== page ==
A casual observation of the ‘Abracadabra’/ ‘Oklahoma’ post-stress mean in Figure 9a mightsuggest that it is very similar to the ‘excitement’/ ‘element’ pair . However, recall that thenon-significant results for the ‘excitement’/ ‘element’ pair were most likely due to an extremedifference in word durations rather than to the fact that ‘element’ does not exhibit a strengthenedfinal syllable (see Figure 9b). As the ‘Abracadabra’/ ‘Oklahoma’ pair does not have such adiscrepancy, it seems plausible that there is in fact no binary-prominence-based strengthening inthe third syllable of ‘Abracadabra’. Note that there does appear to be a fairly large differencebetween the durations of ‘Oklahoma’ and ‘Abracadabra’; however, the difference is in a directionwhich should raise the duration of the post-lapse syllable (compared to the word durations inthe word-final data, which showed the opposite tendency). Why the ‘Abracadabra’/ ‘Oklahoma’pair should behave this way, while the ‘Kilimanjaro’/ ‘incantation’ pair appears to show evidenceof binary-based strengthening, is unclear.


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(a) Uncorrected post-stress ratios (b) Raw word durations (ms)

Figure 9: Contrasting ‘Abracadabra’/ ‘Oklahoma’ and ‘excitement’/‘element’

4. Discussion

The data make a strong case for the existence of a strengthening effect in word-final stresslapses in English nouns (see Figures 6 and 7 on page 12). It is reasonable to suppose thatstrengthening occurs to maintain a binary rhythm in words whose binary stress pattern has beeninterrupted on a phonological level. However, it is difficult to say with certainty that an overallbinary prominence pattern is maintained given that word-medial data were inconclusive.

Word-final strengthening

Most of the word-final post-stress means (with the exception of the ‘excitement’/ ‘element’pair) tended to be near 120%. Recall the percentages of increase given in Figure 1 on page 2,and repeated below:

Figure 10: Proportional durations (Lunden, 2010)


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120% (i.e. a 20% increase) is not a large increase; it is presumably not enough to makea syllable stressed (as all the syllables measured in this experiment are unstressed). Such anincrease is also too slight to make a word eligible for stress; as b(ii) shows in the graph above, asyllable which shows a 30% increase is not eligible for stress. However, due to final lengthening,increasing a syllable by an amount which causes a 30% increase word-finally may cause a largerincrease word-medially (Lunden, 2010). As discussed on page 2, this often means that a syllablemay be eligible for stress word-medially but not word-finally. Further study would be needed todetermine whether the amount of raw increase shown by the final syllables in this experiment isenough to make a syllable eligible for stress word-medially; however, it is fairly clear from thedata that some amount of increase which is not large enough to make a syllable eligible for stressoccurs in unstressed post-lapse syllables.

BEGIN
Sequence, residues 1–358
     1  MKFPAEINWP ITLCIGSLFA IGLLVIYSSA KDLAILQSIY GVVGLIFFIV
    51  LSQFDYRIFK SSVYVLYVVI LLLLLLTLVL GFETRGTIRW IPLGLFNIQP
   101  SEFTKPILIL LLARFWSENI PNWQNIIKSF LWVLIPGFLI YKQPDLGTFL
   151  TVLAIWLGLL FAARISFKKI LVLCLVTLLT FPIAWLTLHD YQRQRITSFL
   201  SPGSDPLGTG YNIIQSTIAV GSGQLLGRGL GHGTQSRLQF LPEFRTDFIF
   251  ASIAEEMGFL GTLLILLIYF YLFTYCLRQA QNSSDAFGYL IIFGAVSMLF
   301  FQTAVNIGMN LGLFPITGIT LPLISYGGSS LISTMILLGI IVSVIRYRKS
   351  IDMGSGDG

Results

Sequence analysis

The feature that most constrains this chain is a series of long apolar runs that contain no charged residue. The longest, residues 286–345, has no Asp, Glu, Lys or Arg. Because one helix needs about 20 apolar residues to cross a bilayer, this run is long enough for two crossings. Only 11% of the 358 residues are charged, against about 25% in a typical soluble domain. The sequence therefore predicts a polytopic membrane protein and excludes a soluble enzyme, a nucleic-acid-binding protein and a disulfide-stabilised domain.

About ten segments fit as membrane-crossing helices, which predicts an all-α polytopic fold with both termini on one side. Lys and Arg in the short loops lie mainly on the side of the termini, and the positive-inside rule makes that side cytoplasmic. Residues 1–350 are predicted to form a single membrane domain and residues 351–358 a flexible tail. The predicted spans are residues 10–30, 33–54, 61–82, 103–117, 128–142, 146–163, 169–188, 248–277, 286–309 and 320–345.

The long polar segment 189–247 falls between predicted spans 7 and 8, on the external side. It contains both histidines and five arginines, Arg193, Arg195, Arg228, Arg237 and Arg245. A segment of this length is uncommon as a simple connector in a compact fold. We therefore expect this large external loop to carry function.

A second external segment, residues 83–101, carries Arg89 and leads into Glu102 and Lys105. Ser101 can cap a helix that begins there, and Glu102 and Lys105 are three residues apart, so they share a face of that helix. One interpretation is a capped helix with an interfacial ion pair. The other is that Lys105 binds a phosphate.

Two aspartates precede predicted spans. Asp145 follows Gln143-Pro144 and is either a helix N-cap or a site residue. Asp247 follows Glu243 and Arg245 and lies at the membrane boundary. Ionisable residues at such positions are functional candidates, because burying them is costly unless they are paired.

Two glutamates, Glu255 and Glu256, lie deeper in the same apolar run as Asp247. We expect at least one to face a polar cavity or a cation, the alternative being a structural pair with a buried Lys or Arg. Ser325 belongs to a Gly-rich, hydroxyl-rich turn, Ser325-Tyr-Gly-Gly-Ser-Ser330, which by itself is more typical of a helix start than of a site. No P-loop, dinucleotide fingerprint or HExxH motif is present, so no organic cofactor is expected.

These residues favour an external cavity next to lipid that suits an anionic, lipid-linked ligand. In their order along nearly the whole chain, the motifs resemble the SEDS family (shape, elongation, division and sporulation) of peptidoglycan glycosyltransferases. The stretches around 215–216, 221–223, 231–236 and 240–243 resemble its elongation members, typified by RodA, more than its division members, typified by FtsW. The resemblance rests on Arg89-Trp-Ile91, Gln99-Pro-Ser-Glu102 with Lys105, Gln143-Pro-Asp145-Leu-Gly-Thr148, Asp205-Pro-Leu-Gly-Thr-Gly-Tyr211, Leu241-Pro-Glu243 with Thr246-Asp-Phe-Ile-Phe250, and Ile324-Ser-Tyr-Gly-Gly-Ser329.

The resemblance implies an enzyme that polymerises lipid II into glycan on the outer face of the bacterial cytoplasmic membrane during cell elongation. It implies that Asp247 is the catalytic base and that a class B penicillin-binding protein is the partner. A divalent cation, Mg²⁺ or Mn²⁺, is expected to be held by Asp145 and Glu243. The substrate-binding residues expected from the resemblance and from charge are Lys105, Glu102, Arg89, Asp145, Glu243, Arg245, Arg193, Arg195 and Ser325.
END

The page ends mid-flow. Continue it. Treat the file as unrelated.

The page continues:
It seems possible that alternating syllables increase by the same raw amount (i.e. not thesame amount proportional to overall size) in a binary pattern. This interpretation of the datafollows this experiment’s word-final strengthening hypothesis very closely; as predicted, there isevidence of strengthening on a phonetic level which is not perceived by speakers. The syllableswhich are strengthened appear at the end of a pattern of prominent and non-prominent syllables,and increase by a raw duration which would be much larger relative to the size of the syllableword-medially. This seems to indicate that some kind of motor process which influences syllabledurations, perhaps by adding to the raw of duration of each alternating syllable, and which doesnot care about other factors such as final lengthening, might be at play.

Another possible explanation for the existence of binary syllable prominence (which is notnecessarily in conflict with the ideas outlined above) is perceptual saliency, i.e. it helps listenersto determine syllable boundaries. A perceptual study comparing syllables with no durationaldifferences to those with some measure of binary durational differences could give some insightinto whether this is true. Another possible explanation is that the phenomenon is more closelytied to production than perception; it is possible that speakers continue a pattern of higher andlower duration on a motor level once it has been suggested by the phonology.

Word-medial syllables

The word-medial data are inconclusive, due to the small sample size and the inconsistentbehavior of the two word pairs. By using more word-pairs or by using word-internal comparisons(e.g. by comparing the two schwas in ‘Abracadabra’) it would be possible to fix the sample sizeproblem. With a larger number of word pairs it would be possible to determine whether the‘Abracadabra’/‘Oklahoma’ case (i.e. with no strengthening) or the ‘Kilimanjaro’/‘Incantation’case (with apparent strengthening) is more typical for words with internal stress lapse.